Mayor Hillary Schieve and four council members attended the virtual town hall, but none sat on its panel to field questions or defend the lack of city policies to preserve affordable housing or deter housing demolition. According to the participant log, Schieve left the meeting after 21 minutes. Council members Neoma Jardon and Oscar Delgado did not log in, according to the document. Video of the meeting also streamed on YouTube and remains available online.
Many in the audience clamored for more affordable housing as well as a stronger voice in what will eventually be built on the swath of Jacobs-owned land covering 15 square blocks of downtown.
“This meeting should have happened before most of these places were demolished,” said Ilya Arbatman, who said he worked at a music store demolished by Jacobs. “A vision is something you have before you tear things down.”
Jacobs has yet to detail a comprehensive plan for his land, some of which he intends to develop into event space, some of which he’s marketing to other developers for market-rate housing, hotels and other unspecified uses.
“He’s moving forward strategically, methodically,” Gordon said during the meeting, noting potential plans for an amphitheater and zip line.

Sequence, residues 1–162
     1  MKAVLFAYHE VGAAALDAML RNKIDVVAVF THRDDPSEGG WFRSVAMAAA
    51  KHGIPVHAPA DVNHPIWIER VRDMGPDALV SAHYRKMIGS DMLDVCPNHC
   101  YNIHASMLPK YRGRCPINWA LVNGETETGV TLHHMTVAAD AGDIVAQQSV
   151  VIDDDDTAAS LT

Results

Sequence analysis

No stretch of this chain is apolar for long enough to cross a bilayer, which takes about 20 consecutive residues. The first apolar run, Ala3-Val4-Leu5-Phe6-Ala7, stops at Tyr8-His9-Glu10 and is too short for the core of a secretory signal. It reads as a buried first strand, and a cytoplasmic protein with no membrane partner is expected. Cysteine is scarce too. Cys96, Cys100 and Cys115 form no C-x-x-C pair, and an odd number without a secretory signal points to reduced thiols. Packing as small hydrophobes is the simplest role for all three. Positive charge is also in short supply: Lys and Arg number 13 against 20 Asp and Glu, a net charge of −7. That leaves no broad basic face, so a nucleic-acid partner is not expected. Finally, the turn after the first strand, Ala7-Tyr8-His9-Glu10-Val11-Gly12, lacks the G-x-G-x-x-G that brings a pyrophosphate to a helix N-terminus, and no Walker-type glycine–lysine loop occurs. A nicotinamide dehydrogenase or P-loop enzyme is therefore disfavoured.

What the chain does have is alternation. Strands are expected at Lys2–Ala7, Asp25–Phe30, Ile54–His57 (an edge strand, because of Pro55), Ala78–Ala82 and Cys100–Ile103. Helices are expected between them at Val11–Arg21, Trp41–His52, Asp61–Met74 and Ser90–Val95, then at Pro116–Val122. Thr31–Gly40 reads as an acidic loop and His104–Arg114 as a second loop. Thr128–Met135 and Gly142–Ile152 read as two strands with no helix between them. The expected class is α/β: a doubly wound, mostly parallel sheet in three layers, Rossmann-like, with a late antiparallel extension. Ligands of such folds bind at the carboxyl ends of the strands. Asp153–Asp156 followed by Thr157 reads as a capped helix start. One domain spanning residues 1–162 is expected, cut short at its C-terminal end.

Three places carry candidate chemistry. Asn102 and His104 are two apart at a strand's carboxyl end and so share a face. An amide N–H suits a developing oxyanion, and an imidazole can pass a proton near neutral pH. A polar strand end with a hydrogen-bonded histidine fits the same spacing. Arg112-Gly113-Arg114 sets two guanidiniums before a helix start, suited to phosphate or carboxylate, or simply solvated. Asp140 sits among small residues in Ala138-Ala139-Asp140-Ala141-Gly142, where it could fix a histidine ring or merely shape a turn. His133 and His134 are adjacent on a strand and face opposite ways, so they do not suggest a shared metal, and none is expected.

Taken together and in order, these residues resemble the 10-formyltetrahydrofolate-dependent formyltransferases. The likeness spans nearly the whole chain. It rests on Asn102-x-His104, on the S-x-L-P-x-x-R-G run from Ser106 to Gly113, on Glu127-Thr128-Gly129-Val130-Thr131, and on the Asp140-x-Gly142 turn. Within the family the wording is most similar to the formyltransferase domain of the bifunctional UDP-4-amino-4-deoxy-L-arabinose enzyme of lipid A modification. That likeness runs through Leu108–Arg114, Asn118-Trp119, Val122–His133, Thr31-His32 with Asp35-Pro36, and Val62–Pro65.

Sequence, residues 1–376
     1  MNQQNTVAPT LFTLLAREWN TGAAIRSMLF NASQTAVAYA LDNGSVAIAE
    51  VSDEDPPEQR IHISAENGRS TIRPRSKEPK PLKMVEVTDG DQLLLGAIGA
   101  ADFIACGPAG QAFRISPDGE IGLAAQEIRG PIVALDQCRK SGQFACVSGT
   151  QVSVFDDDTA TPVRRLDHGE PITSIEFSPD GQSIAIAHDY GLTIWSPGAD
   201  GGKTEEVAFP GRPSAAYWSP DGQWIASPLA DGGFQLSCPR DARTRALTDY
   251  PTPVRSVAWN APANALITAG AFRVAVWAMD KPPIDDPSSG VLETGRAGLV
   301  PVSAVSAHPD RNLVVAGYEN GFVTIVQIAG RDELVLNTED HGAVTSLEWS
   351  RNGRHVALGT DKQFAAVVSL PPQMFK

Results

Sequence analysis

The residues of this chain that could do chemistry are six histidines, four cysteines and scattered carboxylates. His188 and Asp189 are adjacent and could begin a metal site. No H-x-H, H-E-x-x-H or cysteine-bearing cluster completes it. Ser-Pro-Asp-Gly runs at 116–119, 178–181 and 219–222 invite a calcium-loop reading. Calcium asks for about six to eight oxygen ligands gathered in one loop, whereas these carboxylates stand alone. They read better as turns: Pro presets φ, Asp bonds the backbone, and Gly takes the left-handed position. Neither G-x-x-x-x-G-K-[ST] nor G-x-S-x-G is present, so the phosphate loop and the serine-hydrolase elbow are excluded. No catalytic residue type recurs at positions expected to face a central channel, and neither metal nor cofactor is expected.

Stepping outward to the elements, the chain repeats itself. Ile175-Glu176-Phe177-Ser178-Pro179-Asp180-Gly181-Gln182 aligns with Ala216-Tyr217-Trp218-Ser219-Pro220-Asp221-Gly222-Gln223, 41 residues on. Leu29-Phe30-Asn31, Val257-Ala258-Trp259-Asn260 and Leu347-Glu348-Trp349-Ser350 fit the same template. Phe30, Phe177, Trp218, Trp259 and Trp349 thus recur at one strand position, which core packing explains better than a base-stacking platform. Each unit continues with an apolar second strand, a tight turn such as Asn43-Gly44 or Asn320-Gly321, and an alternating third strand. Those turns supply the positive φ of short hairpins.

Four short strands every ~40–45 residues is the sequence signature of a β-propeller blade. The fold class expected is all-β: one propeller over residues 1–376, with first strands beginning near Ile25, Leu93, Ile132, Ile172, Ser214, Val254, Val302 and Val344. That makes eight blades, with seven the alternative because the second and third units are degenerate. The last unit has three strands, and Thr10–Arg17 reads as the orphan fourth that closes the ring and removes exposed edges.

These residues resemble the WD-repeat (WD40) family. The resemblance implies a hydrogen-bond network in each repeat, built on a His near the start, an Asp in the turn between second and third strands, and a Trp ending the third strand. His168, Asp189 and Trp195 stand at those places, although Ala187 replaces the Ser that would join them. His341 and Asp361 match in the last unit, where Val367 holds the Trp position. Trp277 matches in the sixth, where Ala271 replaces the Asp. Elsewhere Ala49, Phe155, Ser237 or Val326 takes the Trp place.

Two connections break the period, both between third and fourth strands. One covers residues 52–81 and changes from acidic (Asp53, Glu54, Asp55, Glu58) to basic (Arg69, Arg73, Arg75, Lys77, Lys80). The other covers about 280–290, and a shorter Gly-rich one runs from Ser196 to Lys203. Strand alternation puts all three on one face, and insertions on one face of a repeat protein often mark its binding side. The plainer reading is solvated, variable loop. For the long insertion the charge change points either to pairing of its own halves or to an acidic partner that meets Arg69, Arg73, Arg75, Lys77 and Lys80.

ProPublica asked the Reno Housing Authority about the viability of Jacobs’ concept for 850 affordable housing units. The authority owns and manages nearly 1,300 affordable housing units and has developed several projects smaller than the one Jacobs would like to see.
“With scarce availability of developable parcels, the RHA is interested any time a local developer would like to pursue housing in the Truckee Meadows, especially when they’re willing to offer land,” said RHA spokesperson April Conway. “Any increase in the numbers of rental units takes a little pressure off of the available housing apartments.”
Conway said the authority couldn’t provide a time frame or a cost estimate for the idea.
“Any costs associated with a housing project needs a feasibility study done first, and with rising costs everywhere, it wouldn’t be prudent to make even a ballpark guess at this point,” she said.
The authority recently completed its first housing project in two decades, a 44-unit senior housing complex that cost $13 million. Even with a $1.5 million donation from Jacobs, the authority struggled to finance the project.
“There would be many resources needed for a project like this,” Conway said of Jacobs’ idea. “But funding would be first and foremost.”
If the idea did come to fruition, the number of units would dwarf the 326 units built in Reno in the past six years.